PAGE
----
Zoom: all it took was a message to hack your PC

More security problems for Zoom. The video conferencing platform had some flaws that would have allowed hackers to take control of the PC

That the video conferencing app Zoom has had in recent months, along with a huge success, also huge security problems we had noticed a bit 'all: in the last ninety days the news of privacy and security problems on Zoom have multiplied exponentially.

That's also why Zoom was forced to speed up its app development plans a lot in order to quickly plug all the flaws that came up. Today it turns out that a couple of these flaws would have allowed a hacker to take almost complete control of our computer with an animated gif or a simple message. And, in fact, in late May Zoom temporarily suspended the ability to share animated Gifs in chats, then fixed the bug and finally reintroduced the feature. The other vulnerability was also fixed, with version 4.6.12 of the app.

Then, starting May 30, all users had to upgrade to version 5.0 of the app to close additional security holes. But what have we been risking all these months using Zoom?

Zoom: the CVE-2020-6109 vulnerability

Both serious Zoom vulnerabilities were discovered by Cisco Talos researchers. The first one has been renamed CVE-2020-6109 and is related to the integration with GIPHY, the well-known animated Gif service recently acquired by Facebook. Researchers discovered that the Zoom app did not check whether a Gif shared in a chat was being uploaded from GIPHY's servers or from other servers. This would have allowed a malicious user to share an animated Gif from a malicious server, resulting in a computer infection.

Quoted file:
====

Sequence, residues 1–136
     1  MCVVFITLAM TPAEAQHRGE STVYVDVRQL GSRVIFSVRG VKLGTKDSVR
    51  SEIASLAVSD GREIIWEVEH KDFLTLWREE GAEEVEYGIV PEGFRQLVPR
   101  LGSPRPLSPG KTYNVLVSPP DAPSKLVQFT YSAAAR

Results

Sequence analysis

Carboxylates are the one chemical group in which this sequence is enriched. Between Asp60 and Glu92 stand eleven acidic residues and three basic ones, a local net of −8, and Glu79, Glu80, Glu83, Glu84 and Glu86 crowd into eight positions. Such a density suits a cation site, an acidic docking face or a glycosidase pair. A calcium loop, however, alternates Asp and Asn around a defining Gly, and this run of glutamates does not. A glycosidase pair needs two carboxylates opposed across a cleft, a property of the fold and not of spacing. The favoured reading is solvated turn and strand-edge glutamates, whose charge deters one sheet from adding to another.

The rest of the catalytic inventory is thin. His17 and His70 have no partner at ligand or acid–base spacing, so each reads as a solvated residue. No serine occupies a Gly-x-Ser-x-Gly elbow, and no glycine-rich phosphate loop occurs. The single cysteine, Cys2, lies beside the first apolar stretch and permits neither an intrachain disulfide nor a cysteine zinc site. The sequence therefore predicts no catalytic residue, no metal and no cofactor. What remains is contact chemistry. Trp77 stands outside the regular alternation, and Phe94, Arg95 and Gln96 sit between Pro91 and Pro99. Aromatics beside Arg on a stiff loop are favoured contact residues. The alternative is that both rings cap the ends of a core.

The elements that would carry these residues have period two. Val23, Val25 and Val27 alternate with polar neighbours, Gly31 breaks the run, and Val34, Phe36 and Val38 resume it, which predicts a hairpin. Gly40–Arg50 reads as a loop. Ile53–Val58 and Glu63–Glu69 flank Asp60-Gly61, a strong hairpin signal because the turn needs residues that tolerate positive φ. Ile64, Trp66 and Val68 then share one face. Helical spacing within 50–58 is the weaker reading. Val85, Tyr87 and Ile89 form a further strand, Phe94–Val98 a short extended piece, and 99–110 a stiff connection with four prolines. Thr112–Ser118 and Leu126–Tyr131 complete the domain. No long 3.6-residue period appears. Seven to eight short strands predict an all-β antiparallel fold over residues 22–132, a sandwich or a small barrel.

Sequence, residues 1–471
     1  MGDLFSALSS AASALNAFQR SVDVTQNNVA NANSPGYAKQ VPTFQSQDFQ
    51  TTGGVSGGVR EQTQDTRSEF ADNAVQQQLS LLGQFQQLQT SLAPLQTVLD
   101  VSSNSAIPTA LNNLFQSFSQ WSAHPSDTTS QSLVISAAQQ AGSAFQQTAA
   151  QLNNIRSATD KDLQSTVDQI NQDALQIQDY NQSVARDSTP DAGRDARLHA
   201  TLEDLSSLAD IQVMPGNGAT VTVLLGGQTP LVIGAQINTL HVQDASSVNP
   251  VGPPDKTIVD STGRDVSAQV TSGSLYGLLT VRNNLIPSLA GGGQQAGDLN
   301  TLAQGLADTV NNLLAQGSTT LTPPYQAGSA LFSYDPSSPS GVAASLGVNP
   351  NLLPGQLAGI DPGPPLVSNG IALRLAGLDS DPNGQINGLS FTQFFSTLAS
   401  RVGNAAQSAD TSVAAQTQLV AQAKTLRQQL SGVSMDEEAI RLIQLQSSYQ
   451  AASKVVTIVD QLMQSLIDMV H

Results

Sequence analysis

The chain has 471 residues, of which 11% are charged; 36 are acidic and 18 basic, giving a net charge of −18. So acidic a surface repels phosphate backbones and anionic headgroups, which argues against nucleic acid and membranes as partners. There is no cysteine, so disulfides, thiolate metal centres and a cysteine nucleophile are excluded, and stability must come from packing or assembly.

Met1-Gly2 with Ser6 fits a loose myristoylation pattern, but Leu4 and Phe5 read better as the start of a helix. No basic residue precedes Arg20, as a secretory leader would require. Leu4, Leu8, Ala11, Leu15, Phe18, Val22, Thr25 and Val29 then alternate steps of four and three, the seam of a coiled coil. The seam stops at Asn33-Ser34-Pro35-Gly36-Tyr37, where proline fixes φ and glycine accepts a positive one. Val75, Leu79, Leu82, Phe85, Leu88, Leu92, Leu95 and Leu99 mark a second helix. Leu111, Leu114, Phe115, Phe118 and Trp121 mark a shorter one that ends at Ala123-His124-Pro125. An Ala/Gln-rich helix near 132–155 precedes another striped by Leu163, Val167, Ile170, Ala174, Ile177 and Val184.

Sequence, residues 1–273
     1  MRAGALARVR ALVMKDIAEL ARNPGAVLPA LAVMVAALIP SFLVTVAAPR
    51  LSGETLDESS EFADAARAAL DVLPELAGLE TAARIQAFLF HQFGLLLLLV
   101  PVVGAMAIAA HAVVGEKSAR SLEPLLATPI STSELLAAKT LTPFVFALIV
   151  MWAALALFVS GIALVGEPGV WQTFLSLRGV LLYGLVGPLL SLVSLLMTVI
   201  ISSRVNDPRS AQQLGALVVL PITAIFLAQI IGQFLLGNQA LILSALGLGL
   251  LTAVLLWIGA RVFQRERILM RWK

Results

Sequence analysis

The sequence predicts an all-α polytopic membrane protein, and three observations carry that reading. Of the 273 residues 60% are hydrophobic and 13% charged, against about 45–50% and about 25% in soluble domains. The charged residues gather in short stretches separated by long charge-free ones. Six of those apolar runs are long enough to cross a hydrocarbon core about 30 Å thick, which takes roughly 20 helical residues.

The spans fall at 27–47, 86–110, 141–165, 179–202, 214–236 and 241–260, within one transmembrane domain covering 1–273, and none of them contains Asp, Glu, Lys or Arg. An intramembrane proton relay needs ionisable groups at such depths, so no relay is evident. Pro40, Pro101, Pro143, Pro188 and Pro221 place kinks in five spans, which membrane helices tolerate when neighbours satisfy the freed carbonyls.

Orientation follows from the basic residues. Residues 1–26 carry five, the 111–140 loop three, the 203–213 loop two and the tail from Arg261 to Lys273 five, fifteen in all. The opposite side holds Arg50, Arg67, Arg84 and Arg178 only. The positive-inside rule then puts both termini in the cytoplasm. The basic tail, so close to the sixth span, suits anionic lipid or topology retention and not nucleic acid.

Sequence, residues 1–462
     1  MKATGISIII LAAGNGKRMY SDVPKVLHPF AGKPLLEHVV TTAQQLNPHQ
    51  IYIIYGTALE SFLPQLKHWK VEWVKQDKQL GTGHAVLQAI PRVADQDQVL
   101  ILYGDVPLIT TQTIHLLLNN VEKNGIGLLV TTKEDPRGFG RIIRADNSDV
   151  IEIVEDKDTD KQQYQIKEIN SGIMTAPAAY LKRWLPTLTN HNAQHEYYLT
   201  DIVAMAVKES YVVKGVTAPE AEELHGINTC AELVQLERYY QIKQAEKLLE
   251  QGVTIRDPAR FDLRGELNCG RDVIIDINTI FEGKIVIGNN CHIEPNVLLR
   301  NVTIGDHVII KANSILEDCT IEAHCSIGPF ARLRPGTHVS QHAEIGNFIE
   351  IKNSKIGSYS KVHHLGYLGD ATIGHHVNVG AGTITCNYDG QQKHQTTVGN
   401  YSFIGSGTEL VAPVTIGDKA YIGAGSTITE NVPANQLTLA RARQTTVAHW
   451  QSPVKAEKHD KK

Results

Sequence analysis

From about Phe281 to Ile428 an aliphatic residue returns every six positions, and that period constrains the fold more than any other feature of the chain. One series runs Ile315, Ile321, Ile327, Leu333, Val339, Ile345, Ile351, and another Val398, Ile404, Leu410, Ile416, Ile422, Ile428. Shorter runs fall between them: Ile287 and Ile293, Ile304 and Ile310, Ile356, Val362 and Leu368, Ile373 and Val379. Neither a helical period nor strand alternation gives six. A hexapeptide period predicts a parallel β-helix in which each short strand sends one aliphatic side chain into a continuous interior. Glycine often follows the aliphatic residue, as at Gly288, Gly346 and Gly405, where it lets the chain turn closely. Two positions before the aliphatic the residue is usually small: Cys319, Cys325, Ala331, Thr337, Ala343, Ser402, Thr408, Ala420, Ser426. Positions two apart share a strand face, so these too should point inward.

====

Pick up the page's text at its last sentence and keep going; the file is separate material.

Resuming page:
Zoom: the CVE-2020-6110 vulnerability

The second vulnerability, called CVE-2020-6110, depended on the implementation of the Extensible Messaging and Presence Protocol (XMPP) within the Zoom app. This messaging protocol is based on XML and, as a result, allows code to be executed on the chat client. Basically, this feature creates a zipper archive of the shared code snippet and then automatically unzips the file on the recipient's computer. According to the researchers, Zoom's zipper file extraction function did not validate the content of the zipper file before extracting it, allowing the attacker to install arbitrary binaries on target computers.

Zoom: all fixed?

As of May 30, Zoom requires all its users to install version 5.0 of the client app, otherwise it is impossible to use the platform. The two vulnerabilities discovered and reported by Cisco Talos had already been fixed a few days earlier with version 4.6.12, but with 5.0 came an important new feature: end-to-end encryption. This novelty, however, is not for everyone: only paid users will be assured that their chats and video conferences will be encrypted with AES-256 GCM.